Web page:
Wednesday, August 21, 2013

Speed Blogging 8/21/2013. Or How We Work: The Death of the Forty-Hour Workweek, Flex-Time not for Single Women and the Gender Wage Gap Among Kids

This sad story deserves much more than a note in a speed list.  I've written a little before about the slow death of the forty-hour week, the way working much, much longer is regarded as ethical and important and AOK, the way we ignore the fall of productivity with fatigue and the fact that nobody working like that really can be said to have a family. 

That all this is "voluntary" (though perhaps the Roman gladiators also volunteered) and trickling down from the top income classes makes the analysis trickier but not impossible.  An odd sort of capitalist work ethic. 

Two studies (neither of which I have read) suggest that women are less likely to be given flex-time at work than men, and that this applies especially to young single women.  Why that might be the case (if the studies are done well) is worth thinking about.  The linked article suggests a few reasons.

On the gender wage gap among little children.  Once again, I have not checked the studies the article mentions, but the results seem intuitive:  Traditional boys' jobs pay more than traditional girls' jobs (and that is a bit surprising, given that babysitting might be the most important of these jobs in some deeper sense and it's a traditional girls' job).   I think market analysis breaks down here (as it mostly does, outside real marketplaces).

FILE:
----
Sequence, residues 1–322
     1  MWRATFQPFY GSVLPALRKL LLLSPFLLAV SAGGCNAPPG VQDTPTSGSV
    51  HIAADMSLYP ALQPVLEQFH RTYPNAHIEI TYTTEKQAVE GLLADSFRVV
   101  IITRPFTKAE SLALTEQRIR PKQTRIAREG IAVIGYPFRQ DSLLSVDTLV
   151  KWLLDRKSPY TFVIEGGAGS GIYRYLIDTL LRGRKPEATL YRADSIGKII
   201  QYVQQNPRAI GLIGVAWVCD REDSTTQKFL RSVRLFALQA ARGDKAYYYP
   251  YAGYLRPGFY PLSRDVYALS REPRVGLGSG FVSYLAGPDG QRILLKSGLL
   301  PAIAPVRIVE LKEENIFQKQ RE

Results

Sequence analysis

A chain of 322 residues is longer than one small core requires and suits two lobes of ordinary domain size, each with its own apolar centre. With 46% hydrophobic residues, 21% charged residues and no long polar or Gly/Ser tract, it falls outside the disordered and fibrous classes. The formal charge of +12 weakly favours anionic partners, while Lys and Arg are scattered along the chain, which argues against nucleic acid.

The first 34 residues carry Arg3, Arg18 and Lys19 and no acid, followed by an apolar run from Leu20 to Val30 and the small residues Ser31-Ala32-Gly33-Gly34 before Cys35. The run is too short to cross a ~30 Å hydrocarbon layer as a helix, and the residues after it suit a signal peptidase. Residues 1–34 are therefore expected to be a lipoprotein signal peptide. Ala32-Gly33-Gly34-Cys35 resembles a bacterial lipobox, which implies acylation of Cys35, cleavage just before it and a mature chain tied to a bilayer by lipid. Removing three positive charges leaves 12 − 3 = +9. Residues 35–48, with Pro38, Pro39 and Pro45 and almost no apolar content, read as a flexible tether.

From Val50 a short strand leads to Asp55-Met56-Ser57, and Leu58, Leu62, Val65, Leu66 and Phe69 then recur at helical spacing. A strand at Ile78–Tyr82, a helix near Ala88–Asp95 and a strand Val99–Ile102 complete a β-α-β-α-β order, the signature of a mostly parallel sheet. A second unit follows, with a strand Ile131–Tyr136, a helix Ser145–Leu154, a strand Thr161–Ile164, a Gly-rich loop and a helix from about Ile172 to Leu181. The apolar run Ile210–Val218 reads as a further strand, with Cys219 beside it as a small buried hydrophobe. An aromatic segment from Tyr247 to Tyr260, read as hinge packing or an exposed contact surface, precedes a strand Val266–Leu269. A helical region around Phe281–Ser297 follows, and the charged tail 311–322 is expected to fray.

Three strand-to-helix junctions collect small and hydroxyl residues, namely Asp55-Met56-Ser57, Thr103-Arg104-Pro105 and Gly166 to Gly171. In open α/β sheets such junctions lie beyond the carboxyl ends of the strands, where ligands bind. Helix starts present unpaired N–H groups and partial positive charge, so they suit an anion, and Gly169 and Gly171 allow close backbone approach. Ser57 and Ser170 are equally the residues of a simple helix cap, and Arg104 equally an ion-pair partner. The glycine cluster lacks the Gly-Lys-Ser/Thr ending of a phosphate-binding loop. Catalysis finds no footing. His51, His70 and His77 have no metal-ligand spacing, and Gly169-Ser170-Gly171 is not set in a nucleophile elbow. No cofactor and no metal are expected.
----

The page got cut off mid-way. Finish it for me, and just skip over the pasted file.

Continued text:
Soraya points out that girls' traditional jobs are hidden inside the house, boys' traditional jobs are outside.  To that I'd like to add that the girls' traditional jobs actually take many more weekly hours, because dusting, folding, doing the dishes, sweeping etc. must be done quite frequently, at least when compared to cutting the grass and taking the trash out (among the traditional boys' jobs).

If I had to make a guess about what's going on I'd add to the obvious reasons (gender roles, duh) the fact that the jobs were much more equal on a traditional farm with animals and many outside chores, only some of which (such as feeding the chickens?) were allocated to girls.  The shift from farms to other occupations meant that the boys' jobs shrunk but the girls' jobs didn't, at least not to the same extent.

And just for fun:  On being an introvert.


Added later:  This post should not be interpreted as an overall review of "how we work."  It doesn't cover what's happening in the lowest-paid jobs in this country or the lack of proper vacations or the increasing shift towards more and more employer rights and fewer and fewer worker rights.  The title is just a short-hand cover for some of the things that caught my eye in the last day or so.